Higher accuracy is achieved for lower temperatures. Most importantly, this analysis reveals that inferred OAT becomes very accurate for thickness levels > 3 mm. This means that at the time when the IPS should initiate heating, a relatively accurate estimate of the OAT is available so as to configure an optimal level of heater power.

At the highest temperatures (-5degrees of Celsius, glazed ice), the errors standard deviation stabilises at < 1.5 degrees of Celsius, with a mean offset of -1 degrees of Celsius. For mixed ice (- 15 degrees of Celsius), standard deviation improves to approximately 0.6 degrees of Celsius in the same thickness range. Rime ice (- 25 degrees of Celsius) allows the most accurate estimation with a standard deviation of < 0.3 degrees of Celsius with an systematic offset of < 0.2 degrees of Celsius.

Icing severity
Accuracy in measuring rate of ice accretion

Ice needs to be detected to allow measuring the ice accretion rate. The error in measured ice accretion rate (versus real accretion rate) is then observed to be normally distributed, with a standard deviation of approximately 0,15 mm per mm of accreted ice.

Applications of the ON-WINGS technology

FPP

Currently, the combination of the sensor head, algorithm and DAS in a probe form is the simplest and most mature configuration of the ON-WINGS technology. This probe configuration contains two sensor heads, one mounted on the leading edge and another mounted at an angle offset from the leading edge. The offset sensor is required since, at higher temperatures, (around 0 to -5 degrees of Celsius) water may run back from the leading edge before freezing, and cooling due to adiabatic expansion of the airflow means that ice may accrete first aft of the stagnation line. The second sensor can also act as a back-up should the leading edge sensor be obscured. The FPP contains heaters to de-ice the probe in order to start a new detection cycle. Even this simplest configuration of the ON-WINGS technology offers a significant improvement in capability regarding existing ice detectors, as shown by the key capabilities list below.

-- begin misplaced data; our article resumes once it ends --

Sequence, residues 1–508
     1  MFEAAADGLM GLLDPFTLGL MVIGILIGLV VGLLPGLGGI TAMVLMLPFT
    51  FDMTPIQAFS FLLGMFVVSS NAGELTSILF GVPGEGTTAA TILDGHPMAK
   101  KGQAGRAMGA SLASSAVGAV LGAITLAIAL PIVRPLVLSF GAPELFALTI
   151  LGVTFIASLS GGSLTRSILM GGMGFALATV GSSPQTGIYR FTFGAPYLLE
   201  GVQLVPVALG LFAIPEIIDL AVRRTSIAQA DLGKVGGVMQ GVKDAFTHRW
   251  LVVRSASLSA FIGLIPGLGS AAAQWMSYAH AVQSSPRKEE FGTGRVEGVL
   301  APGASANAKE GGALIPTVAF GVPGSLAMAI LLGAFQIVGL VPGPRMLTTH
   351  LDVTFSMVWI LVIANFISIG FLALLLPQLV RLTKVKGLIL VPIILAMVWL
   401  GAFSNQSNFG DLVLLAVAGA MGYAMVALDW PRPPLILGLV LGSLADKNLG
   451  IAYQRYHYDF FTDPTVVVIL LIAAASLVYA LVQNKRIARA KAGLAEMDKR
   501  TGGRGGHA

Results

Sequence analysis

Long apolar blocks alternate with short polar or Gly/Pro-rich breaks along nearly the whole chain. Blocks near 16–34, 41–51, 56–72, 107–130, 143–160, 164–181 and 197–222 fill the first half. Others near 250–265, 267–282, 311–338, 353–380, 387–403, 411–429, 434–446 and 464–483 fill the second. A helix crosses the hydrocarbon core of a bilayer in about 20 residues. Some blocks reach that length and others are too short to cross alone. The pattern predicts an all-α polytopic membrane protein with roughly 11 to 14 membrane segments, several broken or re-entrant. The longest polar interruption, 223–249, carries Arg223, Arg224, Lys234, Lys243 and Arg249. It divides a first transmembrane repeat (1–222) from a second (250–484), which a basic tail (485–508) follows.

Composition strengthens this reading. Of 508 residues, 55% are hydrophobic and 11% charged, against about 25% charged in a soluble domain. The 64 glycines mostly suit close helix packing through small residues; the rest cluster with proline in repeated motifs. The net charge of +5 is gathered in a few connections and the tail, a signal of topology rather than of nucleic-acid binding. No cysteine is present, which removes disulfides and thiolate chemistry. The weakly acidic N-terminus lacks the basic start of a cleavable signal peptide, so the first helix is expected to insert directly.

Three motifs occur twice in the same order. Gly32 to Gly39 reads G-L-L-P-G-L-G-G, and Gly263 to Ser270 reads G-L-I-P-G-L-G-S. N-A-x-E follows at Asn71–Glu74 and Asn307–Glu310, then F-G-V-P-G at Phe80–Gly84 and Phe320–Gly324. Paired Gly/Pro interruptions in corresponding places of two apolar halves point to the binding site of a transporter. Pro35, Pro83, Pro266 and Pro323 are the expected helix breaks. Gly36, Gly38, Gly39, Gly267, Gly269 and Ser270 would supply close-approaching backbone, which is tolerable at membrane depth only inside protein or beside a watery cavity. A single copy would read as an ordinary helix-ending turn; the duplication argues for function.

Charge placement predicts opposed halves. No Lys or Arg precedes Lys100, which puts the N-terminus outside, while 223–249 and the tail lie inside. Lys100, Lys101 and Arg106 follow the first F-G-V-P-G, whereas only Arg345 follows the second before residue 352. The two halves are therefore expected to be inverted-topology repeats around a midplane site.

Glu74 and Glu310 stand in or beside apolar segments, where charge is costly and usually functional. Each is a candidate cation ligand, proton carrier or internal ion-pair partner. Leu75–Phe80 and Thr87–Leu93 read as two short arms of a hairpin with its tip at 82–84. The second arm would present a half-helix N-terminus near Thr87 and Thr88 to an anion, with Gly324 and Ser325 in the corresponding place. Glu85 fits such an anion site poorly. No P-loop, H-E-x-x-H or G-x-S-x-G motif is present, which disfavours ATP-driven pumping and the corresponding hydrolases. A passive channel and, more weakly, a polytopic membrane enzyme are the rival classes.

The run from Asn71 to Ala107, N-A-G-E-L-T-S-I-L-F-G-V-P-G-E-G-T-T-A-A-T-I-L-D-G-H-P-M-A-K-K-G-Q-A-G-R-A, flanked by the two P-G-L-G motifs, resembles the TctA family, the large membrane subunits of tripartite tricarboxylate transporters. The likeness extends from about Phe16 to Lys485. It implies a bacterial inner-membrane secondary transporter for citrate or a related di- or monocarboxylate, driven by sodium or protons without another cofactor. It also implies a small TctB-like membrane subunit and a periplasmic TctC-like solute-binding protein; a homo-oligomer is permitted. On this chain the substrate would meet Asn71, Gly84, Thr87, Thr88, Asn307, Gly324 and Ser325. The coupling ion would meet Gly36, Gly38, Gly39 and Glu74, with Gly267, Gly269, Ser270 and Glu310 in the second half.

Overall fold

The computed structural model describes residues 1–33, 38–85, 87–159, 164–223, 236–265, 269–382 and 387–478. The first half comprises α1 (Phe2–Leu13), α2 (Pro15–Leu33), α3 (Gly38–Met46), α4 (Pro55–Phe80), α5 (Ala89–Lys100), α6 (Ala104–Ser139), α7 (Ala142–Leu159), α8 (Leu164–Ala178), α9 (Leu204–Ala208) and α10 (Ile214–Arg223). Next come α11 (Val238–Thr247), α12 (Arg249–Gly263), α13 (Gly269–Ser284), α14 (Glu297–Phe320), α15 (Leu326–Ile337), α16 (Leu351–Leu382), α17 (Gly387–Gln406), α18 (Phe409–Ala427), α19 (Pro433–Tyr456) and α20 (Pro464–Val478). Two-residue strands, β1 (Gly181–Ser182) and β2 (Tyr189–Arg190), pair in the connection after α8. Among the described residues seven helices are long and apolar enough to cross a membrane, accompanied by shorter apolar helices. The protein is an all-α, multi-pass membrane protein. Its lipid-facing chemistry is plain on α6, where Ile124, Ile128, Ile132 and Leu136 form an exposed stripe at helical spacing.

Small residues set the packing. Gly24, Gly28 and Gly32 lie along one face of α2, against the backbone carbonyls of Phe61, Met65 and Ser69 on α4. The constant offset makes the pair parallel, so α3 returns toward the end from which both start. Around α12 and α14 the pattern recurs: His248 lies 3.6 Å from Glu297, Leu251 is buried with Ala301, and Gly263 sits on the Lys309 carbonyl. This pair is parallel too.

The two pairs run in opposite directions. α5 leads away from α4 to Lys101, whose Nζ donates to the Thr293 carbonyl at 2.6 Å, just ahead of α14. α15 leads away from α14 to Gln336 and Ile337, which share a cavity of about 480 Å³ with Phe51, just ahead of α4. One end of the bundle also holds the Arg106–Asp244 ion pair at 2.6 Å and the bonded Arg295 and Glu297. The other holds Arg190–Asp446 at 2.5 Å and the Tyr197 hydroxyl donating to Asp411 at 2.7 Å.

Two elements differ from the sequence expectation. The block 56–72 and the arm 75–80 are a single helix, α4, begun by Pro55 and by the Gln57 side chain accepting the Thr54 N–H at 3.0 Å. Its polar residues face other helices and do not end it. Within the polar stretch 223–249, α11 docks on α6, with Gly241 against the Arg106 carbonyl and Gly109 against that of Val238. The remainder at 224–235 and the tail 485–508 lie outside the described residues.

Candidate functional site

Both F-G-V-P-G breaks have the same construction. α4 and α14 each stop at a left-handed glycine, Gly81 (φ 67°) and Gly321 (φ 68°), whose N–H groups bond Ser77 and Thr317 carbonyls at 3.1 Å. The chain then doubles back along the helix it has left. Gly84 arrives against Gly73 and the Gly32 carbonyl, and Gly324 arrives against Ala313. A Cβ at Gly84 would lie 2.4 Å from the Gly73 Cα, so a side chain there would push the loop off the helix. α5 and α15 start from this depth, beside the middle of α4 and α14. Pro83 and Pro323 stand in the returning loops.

FPP key capabilities:
(a) Presence of ice, ice thickness and rate of accretion (also known as icing severity) and ice type.
(b) A FPP was fabricated and tested on a PZL W-3SA helicopter, as well as in the GKN IRT. However, because of delays in availability of the aircraft, the first flight test was not in icing conditions. However, a second flight test was conducted at the end of 2012 in natural icing conditions.
(c) A more compact FPP has been designed to be more representative of a production instrument and is currently used for testing in the GKN IRT. It should be noted that the span of the aerofoil containing the sensor heads is merely to ensure that the sensing elements are outside of any boundary-layer effects. The span is otherwise quite arbitrary and may be reduced as required.

DTS system

In parallel with the scattered light detection technology, the consortium developed a distributed and quasi-distributed temperature monitoring system using embedded optical fibres. Although it successfully demonstrated very good spatial and temporal resolution, the practical difficulties of terminating embedded fibres in the aerofoil rendered the technique unsuitable for aircraft use at this stage of development.

The WP required a high-speed (< 1 s), fine spatial resolution (< 0.5 m) DTS system. A comparison of the time-correlated single-photon counting method and the multi-channel photon counting methods concluded that neither was capable of delivering the required performance, although the latter would be more effective in most cases. A performance model of the direct detection followed analog-to-digital conversion with real data digital signal averaging was built. It was concluded that this approach would likely meet the requirements of this WP.